Employee complaints run the spectrum between serious allegations that require official action and perceived wrongs with little or no substance. They often stem from employee perceptions and are relatively easy to resolve.
As a human resources professional, you may sometimes wonder how to respond to employee complaints, especially if you get one or two every day. Depending on the gravity of the situation, you may be able to address the complaint then and there, or you may find it necessary to get others involved.
It's critical that you don't become too hardened to employee complaints, because your most important job is to help the business. If you ignore a complaint that a manager is yelling and it turns out that the manager truly is yelling, turnover may increase or customers might overhear and that's damaging to the business.
Be careful about telling people that they always have to go through the chain of command before complaining. For example, a sexually harassed female may not feel comfortable going to her male supervisor's boss to complain about the harassment. In this case, the policy of always following the chain may result in continued harassment and legal liability for the company.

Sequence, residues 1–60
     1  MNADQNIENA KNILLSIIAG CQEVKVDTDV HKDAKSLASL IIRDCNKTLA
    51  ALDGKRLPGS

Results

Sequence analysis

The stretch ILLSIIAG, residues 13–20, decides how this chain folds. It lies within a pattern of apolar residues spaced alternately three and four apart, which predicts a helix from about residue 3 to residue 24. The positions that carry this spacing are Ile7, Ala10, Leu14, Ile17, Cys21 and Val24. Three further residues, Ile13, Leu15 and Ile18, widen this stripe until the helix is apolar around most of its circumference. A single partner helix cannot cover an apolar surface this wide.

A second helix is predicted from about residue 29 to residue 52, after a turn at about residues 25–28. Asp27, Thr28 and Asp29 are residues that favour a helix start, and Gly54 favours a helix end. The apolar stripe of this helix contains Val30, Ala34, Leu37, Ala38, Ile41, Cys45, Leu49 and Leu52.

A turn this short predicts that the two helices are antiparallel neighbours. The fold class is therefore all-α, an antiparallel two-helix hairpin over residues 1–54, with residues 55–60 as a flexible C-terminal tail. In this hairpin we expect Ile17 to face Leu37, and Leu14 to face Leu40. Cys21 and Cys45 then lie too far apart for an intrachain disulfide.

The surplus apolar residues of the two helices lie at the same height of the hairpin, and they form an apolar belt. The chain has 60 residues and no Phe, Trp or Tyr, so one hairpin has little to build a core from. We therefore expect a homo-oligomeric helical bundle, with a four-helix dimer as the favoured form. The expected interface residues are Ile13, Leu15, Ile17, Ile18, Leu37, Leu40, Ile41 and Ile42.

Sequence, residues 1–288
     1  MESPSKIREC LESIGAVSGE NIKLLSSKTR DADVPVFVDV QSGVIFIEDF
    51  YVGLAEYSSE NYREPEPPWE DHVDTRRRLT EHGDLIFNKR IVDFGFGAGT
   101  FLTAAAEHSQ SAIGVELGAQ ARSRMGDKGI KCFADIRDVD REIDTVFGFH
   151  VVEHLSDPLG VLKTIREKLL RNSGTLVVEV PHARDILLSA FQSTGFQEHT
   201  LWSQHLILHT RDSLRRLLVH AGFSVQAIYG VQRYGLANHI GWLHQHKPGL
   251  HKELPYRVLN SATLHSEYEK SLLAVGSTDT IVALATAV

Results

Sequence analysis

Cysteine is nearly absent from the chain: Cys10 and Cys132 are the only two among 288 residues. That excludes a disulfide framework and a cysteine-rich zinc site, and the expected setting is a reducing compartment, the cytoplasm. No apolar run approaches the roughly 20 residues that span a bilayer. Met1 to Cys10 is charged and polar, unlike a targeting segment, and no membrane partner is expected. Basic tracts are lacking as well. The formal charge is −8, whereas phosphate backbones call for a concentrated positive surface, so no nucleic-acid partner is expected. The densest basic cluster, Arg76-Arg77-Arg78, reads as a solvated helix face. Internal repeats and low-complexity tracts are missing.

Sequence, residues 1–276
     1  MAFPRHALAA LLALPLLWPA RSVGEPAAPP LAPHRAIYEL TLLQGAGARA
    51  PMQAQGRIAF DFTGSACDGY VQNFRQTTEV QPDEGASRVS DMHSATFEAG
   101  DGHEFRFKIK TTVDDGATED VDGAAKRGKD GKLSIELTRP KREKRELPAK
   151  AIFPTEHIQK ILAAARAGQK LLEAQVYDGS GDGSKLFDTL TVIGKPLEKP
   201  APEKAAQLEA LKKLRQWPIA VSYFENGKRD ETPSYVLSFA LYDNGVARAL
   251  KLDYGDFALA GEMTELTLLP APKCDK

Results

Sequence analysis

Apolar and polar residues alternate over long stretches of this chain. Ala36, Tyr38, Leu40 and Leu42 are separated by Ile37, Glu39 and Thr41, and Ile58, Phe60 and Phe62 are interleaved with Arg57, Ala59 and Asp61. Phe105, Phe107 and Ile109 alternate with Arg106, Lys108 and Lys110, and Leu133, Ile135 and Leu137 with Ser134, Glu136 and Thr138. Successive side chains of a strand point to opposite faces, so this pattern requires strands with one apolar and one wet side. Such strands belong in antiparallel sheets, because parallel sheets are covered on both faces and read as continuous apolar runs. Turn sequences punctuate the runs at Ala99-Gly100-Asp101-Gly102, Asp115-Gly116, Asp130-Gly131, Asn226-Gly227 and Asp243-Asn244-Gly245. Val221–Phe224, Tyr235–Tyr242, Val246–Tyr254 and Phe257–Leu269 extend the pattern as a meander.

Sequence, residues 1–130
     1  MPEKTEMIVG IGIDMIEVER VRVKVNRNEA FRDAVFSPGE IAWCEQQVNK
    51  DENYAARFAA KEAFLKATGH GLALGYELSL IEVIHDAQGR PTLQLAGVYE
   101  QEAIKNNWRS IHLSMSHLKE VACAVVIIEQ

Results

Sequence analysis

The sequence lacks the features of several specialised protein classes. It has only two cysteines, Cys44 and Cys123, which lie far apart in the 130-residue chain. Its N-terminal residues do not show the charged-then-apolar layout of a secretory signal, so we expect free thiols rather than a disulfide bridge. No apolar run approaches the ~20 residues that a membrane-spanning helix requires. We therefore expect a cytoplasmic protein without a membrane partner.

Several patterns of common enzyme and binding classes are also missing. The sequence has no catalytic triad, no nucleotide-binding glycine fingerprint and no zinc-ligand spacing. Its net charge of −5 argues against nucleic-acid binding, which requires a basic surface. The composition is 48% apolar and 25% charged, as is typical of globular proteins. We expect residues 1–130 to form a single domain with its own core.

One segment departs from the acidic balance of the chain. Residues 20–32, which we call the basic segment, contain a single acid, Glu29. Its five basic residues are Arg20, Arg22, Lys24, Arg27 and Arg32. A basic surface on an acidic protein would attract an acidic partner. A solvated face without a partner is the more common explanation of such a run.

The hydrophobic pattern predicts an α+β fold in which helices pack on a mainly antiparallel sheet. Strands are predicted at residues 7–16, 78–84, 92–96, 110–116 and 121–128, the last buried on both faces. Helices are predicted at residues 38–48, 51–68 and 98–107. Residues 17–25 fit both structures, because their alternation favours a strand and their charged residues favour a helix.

There are many approaches to handling employee complaints, but six general strategies form the basis for investigating possibly subjective complaints.
Get To Know Your Management Team.
You need to know that who is prone to yell, who is the nicest guy ever but allows his staff to walk all over him, and who doesn't have a clue what goes on with the staff. You can't get this information just by talking one-on-one with the management staff. You need to pop in and out. This isn't because you're managing these people, it's because you need to know what's actually happening.
Find Out What's Really Going On.
When an employee says, “My manager is always watching me,” figure out what that means. Ask, “What do you mean when you say that your manager is always watching you?” and “Why is this a problem for you?” You may find out that the employee is just whining. Then again, you may find out that the supervisor is hovering inappropriately over a particular employee or that the employee hasn't been properly trained. You won't know until you ask.
Are They Venting or in Need?
Sometimes people just want to vent. But sometimes they really want help with a problem. It's important to differentiate between the two situations, but critical if you want to effectively respond to employee complaints.
Keep Your Door Open
It's a great policy to encourage employees to solve most of their problems themselves. An HR manager is not a therapist or parent. But if you turn people away, you'll miss valuable or even critical information. An open-door policy is always recommended.
Notify the Supervisor or Manager
You may not need to notify an employee's manager. If you do, you should let the employee know that you are going to. If you don't, they will feel betrayed. Sometimes the employee may ask that you not tell a supervisor. In this case, you'll have to decide whether it's necessary.